Unified communications (UC) solutions are found in nearly every enterprise, and the benefits they provide, including enhanced communication (even at a distance) and improved collaboration within teams and between business units, enable cost savings by reducing travel, and much more. But, one, sometimes overlooked, business case for UC is improving customer engagement.
Nemertes has repeatedly found that integrating unified communications and contact center technology correlates with higher contact center technology success, better operational success, and greater customer satisfaction. Agents are happy to be able to do things like use instant messaging to communicate with peers, supervisors, and other business units to ask questions on the fly without having to place customers on hold or transfer them. Customers receive more personalized, effective, and efficient service; they avoid sitting on hold while agents either scramble to find the right person with the information they need or transfer them around hoping that they eventually find the “right agent.” An effectively integrated UC/contact center strategy ensures that every agent can be that right one for any particular inquiry.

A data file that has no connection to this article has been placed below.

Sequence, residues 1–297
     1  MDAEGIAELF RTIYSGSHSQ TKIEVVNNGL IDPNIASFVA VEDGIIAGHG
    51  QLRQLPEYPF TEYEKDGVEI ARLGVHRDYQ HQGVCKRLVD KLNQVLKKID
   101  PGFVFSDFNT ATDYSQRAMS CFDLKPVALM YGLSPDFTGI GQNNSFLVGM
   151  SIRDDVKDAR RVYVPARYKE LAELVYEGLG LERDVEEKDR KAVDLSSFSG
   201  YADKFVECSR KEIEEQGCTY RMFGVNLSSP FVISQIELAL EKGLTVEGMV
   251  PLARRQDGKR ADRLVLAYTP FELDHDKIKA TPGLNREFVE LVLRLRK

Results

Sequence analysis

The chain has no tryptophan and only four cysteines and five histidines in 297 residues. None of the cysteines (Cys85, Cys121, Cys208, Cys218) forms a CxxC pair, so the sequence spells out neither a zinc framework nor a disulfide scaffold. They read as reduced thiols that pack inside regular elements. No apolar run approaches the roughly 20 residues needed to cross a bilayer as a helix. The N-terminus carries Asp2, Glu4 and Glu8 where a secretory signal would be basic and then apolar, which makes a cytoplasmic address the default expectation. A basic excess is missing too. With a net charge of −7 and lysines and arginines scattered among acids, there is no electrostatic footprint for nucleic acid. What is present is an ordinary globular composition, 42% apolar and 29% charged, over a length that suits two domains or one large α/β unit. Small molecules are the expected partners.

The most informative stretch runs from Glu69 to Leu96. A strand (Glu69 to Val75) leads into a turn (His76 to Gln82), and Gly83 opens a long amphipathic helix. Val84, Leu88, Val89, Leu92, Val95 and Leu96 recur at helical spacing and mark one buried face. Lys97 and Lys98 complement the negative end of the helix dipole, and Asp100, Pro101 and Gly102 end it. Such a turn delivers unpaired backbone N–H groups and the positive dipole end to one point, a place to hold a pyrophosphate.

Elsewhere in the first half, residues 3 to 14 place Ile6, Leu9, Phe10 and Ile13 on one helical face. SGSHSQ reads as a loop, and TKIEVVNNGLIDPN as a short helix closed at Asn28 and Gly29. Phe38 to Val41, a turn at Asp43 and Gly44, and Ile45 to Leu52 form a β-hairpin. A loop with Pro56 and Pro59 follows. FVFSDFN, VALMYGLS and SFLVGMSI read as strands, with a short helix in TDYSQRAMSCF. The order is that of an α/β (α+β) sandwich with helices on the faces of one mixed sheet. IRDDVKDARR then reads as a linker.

Some organizations even queue UC interactions and use them to expand their multichannel capabilities. For instance, internal helpdesks may allow customers to use instant messaging to submit a support ticket. Others extend screen-sharing or remote control capabilities to guide customers step-by-step through complex scenarios rather than having to talk them through the process.
Despite the potential benefits of integrating UC and contact center, in our 2016 Contact Center Benchmark, Nemertes found only 16% of companies integrating these technologies today. Another 24% are evaluating how to do so in future. If integrating UC and contact center is so beneficial, why are more IT leaders not doing so today? The short answer is often that they didn’t think to do so or didn’t realize it was an option. This is especially true for the 75% of organizations that use different vendors for contact center routing and UC. But, even in this scenario, integration is often still an option, and the benefits to integrating are worth the effort.
For example, Nemertes finds that most companies (63%) use Microsoft Skype for Business (formerly Lync) somewhere in the organization for instant messaging, voice/video chat, and web conferencing. Unlike other large UC vendors (e.g., Avaya, Cisco, etc.), Microsoft does not offer its own contact center solution. So, it’s not entirely surprising that IT leaders don’t immediately think to integrate Skype for Business with contact center; in fact, only 5% have done so. Yet, likely due to the same benefits described above that are not limited to any particular vendor, integrating Skype for Business and contact center correlates to higher contact center operational success and greater customer satisfaction.
Regardless of whether using the same vendor for UC and contact center or different vendors, IT leaders should evaluate the best way to integrate these solutions. Why miss out on the obvious and proven benefits?